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Mt. Oscar: Who's climbing and who needs oxygen

January 11, 2011

Mt. Oscar: To scale the heights of the Oscars — to reach the precarious pinnacle of that golden O — wrap yourself in raves and pack lots of buzz. This week's altitude readings are by Elena Howe, Rebecca Keegan, Chris Lee and Nicole Sperling.

PEAKING

GONE, NOT FORGOTTEN: Sure, it's a longshot that Pete Postlethwaite could win a supporting actor trophy for his work as the villainous Fergie Colm in "The Town," but this was the least we could do to pay him tribute.

CLIMBING

WESTERN, HO! "True Grit" seems to be everybody's darling of the moment. Its Oscar hopes are rising almost as quickly as its box office.

BY A THREAD: By most Oscarologists' count, the sure-bet best picture nominees are "The King's Speech," "The Social Network," "True Grit," "The Fighter," "Black Swan," "Inception," "Toy Story 3" and "127 Hours." But what gets bumped from those last two slots? "The Town," "Winter's Bone" or "The Kids Are All Right"?

AT BASE CAMP

'GHOST' OF A CHANCE? Heavy campaigning by Summit on behalf of Roman Polanski's "The Ghost Writer" seems to have paid off with a Scripter nomination. Might an adapted screenplay Oscar nod be next? It's not out of the question, but it's got stiff competition in "The Social Network," "True Grit" and "127 Hours," among others.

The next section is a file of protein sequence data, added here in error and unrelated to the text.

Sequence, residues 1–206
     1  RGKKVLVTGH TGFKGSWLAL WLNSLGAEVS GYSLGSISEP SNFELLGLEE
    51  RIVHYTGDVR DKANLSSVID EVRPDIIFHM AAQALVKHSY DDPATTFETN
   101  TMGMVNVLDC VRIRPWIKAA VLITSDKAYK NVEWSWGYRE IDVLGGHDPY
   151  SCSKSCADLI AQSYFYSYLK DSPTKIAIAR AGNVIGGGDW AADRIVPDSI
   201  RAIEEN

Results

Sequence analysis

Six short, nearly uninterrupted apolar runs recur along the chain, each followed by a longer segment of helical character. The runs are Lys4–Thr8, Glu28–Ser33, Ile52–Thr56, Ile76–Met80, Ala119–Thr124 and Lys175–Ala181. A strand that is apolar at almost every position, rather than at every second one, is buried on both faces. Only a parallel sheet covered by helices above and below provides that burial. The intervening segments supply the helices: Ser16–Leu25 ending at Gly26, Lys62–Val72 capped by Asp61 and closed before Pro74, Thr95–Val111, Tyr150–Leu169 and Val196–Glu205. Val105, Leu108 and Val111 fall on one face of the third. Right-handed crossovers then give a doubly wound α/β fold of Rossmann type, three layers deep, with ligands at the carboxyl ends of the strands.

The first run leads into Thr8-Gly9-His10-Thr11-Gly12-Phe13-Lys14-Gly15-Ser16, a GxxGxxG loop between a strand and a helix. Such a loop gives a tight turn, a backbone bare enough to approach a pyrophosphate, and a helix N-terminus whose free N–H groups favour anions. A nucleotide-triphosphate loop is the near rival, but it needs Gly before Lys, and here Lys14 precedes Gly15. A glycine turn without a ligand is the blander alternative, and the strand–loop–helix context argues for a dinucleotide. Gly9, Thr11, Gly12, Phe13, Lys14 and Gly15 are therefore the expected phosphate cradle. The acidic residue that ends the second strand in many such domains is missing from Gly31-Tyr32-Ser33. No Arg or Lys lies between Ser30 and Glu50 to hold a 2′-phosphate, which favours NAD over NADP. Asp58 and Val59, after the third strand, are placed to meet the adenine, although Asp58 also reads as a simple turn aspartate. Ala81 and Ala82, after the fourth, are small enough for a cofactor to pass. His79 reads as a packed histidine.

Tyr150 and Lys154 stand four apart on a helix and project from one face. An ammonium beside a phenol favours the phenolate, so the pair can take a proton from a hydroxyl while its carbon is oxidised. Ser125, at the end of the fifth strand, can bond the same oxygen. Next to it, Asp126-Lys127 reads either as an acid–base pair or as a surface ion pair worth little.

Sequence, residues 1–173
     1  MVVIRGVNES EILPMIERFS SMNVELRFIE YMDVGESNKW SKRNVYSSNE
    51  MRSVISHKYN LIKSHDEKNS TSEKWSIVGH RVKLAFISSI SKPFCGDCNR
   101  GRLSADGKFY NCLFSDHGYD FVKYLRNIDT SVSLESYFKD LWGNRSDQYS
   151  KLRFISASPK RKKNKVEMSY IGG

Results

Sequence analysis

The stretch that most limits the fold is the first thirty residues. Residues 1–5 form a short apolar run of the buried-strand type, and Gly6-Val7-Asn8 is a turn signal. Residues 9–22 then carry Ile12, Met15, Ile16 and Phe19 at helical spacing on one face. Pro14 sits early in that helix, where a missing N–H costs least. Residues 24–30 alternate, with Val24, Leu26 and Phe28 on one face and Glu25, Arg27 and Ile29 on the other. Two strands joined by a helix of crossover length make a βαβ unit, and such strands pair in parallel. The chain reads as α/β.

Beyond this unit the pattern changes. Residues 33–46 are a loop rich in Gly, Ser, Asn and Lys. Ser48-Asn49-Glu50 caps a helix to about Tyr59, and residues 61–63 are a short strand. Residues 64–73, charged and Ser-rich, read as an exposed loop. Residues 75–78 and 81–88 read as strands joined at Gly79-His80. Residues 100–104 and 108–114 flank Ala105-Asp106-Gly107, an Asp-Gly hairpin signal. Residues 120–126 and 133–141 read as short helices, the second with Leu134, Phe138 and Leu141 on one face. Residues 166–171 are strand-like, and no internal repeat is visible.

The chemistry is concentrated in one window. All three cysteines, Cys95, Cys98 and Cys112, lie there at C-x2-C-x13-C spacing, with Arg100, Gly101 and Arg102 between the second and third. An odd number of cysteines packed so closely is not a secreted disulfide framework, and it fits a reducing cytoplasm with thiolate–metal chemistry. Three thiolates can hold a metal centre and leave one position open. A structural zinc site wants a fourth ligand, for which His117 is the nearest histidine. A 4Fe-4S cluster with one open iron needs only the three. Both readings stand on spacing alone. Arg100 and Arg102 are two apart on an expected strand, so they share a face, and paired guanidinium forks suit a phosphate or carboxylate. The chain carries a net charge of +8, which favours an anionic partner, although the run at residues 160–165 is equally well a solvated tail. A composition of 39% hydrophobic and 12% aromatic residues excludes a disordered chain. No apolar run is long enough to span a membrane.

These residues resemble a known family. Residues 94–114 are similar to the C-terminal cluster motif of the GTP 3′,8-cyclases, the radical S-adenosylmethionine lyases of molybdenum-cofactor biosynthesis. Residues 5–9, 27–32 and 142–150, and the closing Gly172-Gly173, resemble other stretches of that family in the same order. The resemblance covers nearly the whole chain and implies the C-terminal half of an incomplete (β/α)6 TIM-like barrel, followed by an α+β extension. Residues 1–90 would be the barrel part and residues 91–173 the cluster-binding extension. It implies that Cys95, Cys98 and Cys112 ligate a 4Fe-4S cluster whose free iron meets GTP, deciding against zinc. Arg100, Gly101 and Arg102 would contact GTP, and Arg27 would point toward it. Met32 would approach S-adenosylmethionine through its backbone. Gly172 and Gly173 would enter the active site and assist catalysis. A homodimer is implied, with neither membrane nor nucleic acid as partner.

MAKING AN IMPRESSION: Robert Duvall has got to be the hardest-working octogenarian in Hollywood. The actor's hitting the award campaign trail for "Get Low" harder than most folks half his age, with the interviews, award appearances and, last week, stepping into wet cement at Grauman's Chinese.

LOOKING FOR A SHERPA

TKO: The Producers Guild of America omitted Ryan Kavanaugh as a producer from "The Fighter." If the film gets nominated for an Oscar, will the academy break ranks with the PGA and include him, or will the financier be left hoping for another shot with "Season of the Witch"?

LAST DANCE? Really, Natalie Portman doesn't need a sherpa to make a showing at the Oscars, but from the looks of her next film, "No Strings Attached," it wouldn't hurt to have a hypnotist in her corner to make voters forget about it.

TWO-STEP TO THE RIGHT: When does blue state Hollywood turn red? When it comes to honoring films about country music performers. Could Gwyneth Paltrow join the recent ranks of Jeff Bridges ("Crazy Heart") and Reese Witherspoon ("Walk the Line") for her work in "Country Strong"?

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